Vincent Smith who was born in England around 1891, the youngest son of Thomas Smith has a unique place in Australia’s military history. Enlisting in the Great War on 1 February 1916 as No 684, he served as an air mechanic with ‘B’ Flight, 3rd Squadron of the infant Australian Flying Corps (AFC) which left for England on 25 October 1916 onboard the SS Ulysses as an “army co-operation” unit given the task of assisting the troops on the ground (“the work lacked the glamour and excitement of the fighter and bomber squadrons”). Finally arriving in France in September 1917, the Squadron was involved in the last phase of the Passchendaele campaign in Flanders assisting in spotting for the artillery only for bad weather to limit their opportunities.
While controversy rages as to who actually shot down the legendary famed German flying ace – Captain Baron Manfred von Richthofen on 21 April 1918, it was the 3rd Squadron that salvaged his body and the remains of his machine. The next day, at the Red Baron’s funeral, Smith was the non-commissioned officer in charge of the party that fired the honorary shots over his gallant of the enemy who inflicted so much damage to the Allied forces. Rising to the rank of sergeant, in 1917 Smith was awarded the Meritorious Service Medal, a decoration bestowed “for gallant conduct in the performance of military duty otherwise than in action with the enemy, or in saving or attempting to save the life of an officer or soldiers, or for devotion to duty in a theatre of war”. The action involved rescuing an aviator from a blazing machine after three attempts, an incident that Smith himself was severely wounded. Possibly in a later incident he suffered injuries through a blow from a propeller blade, which were to prove fatal after his return to Australia in September 1919.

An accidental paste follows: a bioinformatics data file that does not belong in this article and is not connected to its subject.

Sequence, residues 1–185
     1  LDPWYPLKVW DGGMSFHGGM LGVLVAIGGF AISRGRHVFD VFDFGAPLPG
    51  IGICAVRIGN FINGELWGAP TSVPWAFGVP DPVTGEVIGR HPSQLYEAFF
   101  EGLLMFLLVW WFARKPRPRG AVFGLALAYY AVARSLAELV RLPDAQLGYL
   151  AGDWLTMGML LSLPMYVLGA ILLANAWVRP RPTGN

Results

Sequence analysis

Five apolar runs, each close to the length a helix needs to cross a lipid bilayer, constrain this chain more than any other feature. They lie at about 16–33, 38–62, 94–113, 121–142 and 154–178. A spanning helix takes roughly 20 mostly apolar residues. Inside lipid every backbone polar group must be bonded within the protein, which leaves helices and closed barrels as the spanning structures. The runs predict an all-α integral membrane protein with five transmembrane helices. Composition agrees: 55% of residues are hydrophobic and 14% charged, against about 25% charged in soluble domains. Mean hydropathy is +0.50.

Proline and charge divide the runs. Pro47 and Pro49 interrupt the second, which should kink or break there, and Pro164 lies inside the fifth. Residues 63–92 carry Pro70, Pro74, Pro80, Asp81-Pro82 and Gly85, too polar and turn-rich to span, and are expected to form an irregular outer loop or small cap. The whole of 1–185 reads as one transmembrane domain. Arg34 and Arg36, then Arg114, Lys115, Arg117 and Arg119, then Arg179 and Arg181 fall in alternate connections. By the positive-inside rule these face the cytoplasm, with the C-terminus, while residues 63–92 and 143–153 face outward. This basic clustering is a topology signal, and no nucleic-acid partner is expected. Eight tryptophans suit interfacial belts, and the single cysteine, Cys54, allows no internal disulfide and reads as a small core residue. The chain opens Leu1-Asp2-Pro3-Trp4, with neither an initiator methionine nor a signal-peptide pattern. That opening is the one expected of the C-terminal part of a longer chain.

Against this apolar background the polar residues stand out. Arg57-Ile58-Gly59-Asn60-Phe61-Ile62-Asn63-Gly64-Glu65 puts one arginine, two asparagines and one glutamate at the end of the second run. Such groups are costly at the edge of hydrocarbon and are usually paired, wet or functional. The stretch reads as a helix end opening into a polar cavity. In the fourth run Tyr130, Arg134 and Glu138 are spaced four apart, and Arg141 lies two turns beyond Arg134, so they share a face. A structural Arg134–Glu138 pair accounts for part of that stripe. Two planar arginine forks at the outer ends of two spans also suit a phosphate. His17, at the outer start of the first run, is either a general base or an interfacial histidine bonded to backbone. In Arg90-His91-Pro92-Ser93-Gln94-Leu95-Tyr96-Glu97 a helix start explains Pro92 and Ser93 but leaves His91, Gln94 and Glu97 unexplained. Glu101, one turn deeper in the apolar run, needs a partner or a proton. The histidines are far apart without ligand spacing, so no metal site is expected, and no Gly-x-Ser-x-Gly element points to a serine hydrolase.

On 18 March the next year, this popular and promising young soldier and aviator, as The Age described him, died at the Caulfield Military Hospital and was accorded a funeral with full military honours officiated by Rev Father Quinn two days later.
The Argus 19 March 1920.
The Age 19 March 1920.
Wrigley, H., “The Battle Below…Being the History of No 3 Squadron A.F.C” (1935).
Barton, L., “For Distinguished Conduct and Meritorious Service” (1984).
AWM “Biographical Cards for the Official History 1914-18”, AWM140.